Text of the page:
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Choose life (3)

9 September, 2007

In searching to connect what I’ve learned from TA with existential questions, I was really chuffed to find this excellent post by Bobo which seems to say it all (and makes me laugh at the same time)

“Transactional Analysis is underpinned by an existential/humanist maxim: I’m OK, You’re OK. Irving Yalom neatly expresses the existential position, that we are all faced with four realities: 

  • death,
  • meaninglessness,
  • freedom and
  • isolation.

We are all going to die. We just are. Sometimes with an appalling randomness.

Before death, we live a life that is profoundly meaningless on any Universal scale, other than our own created meaning – how otherwise could anybody work in advertising? Ever looked at an ant heap and admired their busy pointlessness? How robotic they look? How unaware they are that the naughty nine year old foot of doom might destroy their ant world?

On the cheery side, we do have freedom. But we often equally afraid by our freedom, and chain ourselves down in the certainties, norms, scripts, and belief systems, and discount our choice to redecide. Limiting ourselves with existential bad faith.

And finally, we are existentially isolated from each other. No one truly knows what it is to be. Not my therapist. Not my wife. And on a scripty day, outside of awareness, not even me.

… For me, death, meaninglessness, freedom and isolation does stick at my cheerful chappy persona (let’s all Be Strong by believing that the glass is always half full). These stark facts are arresting. Given a choice, I’d prefer not to die (though I do recognise that without death, the world would soon fill up with Account Managers, Public Relations Consultants, and Actuaries – whose dull skills would live on for eternity). Given a choice, I’d prefer to have meaning to my life. Given a choice, I’d prefer to give up freedom and be told what to do, so I knew I was doing it right. And given a choice, I’d prefer to be nested in an intimate communion that never left me isolated. (Religion isn’t looking such a bad deal now!)

The Transactional Analysis take on this is different, as it starts from a different perspective. It looks out at the world, from the individual’s point of view. What does the ant understand of its life in the heap. Existentialism looks down at the world, a God like position, considering the universal and then working out it’s impact on the individual.

In response to the existential certainty of death, Berne argued that our deaths were frequently the ultimate payoff for our scripts. This at least has the virtue of recovering control of our death from the cold hand of cosmic uncertainty. If I were to die of cancer, it wouldn’t just be a case of random bad luck, but of the payoff of a life long script decision that has placed you in cancer’s way. Of course, cosmic bad luck can happen, but life scripts stack the die in probabilities favour. And of course cosmic good luck can happen too (just talk to smokers who aren’t dead by their 50s).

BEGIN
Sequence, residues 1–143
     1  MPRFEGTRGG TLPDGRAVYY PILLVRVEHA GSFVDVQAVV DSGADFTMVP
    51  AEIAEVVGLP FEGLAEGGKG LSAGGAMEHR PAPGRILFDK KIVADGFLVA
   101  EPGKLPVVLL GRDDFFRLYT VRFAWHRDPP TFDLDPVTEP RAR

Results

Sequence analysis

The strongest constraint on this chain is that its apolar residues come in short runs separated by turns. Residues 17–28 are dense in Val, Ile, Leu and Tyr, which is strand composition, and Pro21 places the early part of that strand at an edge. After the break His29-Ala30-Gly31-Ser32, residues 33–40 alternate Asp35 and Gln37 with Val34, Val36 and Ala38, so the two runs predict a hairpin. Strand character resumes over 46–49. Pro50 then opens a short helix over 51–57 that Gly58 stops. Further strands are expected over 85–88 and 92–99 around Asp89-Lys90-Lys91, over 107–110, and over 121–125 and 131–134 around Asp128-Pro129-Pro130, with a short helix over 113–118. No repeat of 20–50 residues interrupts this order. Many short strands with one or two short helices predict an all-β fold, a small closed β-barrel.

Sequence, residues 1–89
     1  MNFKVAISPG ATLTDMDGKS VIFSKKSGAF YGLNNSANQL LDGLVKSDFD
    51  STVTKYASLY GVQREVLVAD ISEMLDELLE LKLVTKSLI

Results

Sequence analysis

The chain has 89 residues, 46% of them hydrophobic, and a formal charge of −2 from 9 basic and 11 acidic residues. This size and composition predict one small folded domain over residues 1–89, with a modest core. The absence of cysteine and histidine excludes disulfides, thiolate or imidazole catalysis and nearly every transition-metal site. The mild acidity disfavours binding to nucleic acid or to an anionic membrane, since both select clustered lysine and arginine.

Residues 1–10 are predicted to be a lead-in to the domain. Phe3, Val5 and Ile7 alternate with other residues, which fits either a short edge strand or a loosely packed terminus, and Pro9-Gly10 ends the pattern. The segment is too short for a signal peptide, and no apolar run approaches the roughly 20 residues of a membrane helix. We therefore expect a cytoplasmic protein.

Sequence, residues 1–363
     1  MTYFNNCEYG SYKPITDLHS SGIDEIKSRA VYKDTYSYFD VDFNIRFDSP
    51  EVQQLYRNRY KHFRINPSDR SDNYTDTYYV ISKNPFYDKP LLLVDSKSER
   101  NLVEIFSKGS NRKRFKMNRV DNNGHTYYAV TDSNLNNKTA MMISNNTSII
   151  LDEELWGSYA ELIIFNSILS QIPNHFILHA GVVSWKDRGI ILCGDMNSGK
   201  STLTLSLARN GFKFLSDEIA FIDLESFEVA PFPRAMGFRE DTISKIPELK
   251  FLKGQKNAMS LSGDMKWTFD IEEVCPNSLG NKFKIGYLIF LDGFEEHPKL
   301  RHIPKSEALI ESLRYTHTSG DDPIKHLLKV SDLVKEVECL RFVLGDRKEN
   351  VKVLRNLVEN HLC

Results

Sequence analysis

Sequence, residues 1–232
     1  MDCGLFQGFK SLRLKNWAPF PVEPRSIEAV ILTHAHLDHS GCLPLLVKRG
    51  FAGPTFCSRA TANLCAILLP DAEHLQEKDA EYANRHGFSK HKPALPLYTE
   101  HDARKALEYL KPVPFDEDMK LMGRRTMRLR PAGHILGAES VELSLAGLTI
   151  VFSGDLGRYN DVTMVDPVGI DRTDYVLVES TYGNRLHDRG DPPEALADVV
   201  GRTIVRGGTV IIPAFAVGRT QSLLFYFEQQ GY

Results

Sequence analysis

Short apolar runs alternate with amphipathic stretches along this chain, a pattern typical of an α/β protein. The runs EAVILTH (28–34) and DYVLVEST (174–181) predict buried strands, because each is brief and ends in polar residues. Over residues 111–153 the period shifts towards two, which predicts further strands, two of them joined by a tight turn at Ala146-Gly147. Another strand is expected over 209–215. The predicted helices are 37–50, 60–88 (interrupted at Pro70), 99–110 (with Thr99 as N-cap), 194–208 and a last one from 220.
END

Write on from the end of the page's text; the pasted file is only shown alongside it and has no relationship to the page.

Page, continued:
In response to existential meaninglessness, Berne argued that we vest meaning into our lives by developing a life script. In four billions years from now, when the Sun swallows the Earth as it grows into a red giant, my life will be but the tiniest speck of cosmic dust. So worrying about my chest hairs turning gray might seem petty. But humans are fantastic meaning creators: think of all the different forms of human society through the ages – who’d of thought that cutting out the beating heart of human sacrifices would keep Inti, the Inca Sun God happy? Or that in some societies Polyandry was a really neat idea. And of course, we are components to these societal constructs, with personal constructs of our own place in society – scripts.

In response to the overwhelming choice of existential freedom, TA offers the idea of discounting, or rather recognising the level of discounting you are doing, and leading your upwards towards autonomous choices, just as the existentialists want you to recognise existential bad faith, and the flight from the responsibility that freedom imposes.

And in response to the loneliness of existential isolation, we have I’m OK, You’re OK. Yes, we may be separated from each other by the chasm of physical discreteness and psychological uniqueness. But if we take a leap of humanistic faith, and presume OKness, then the gap isn’t necessarily so great, or at least so frightening.


One Comment leave one →
  1. 8 October, 2007 12:33 pm

    Mombacho thanks a lot. It’s over a year ago since I wrote that, and I’d forgotten how thoughtful I was then (recently I’ve got in with a bad lot and having been letting my Child play around in the blogosphere). So I’m touched it spoke to you.


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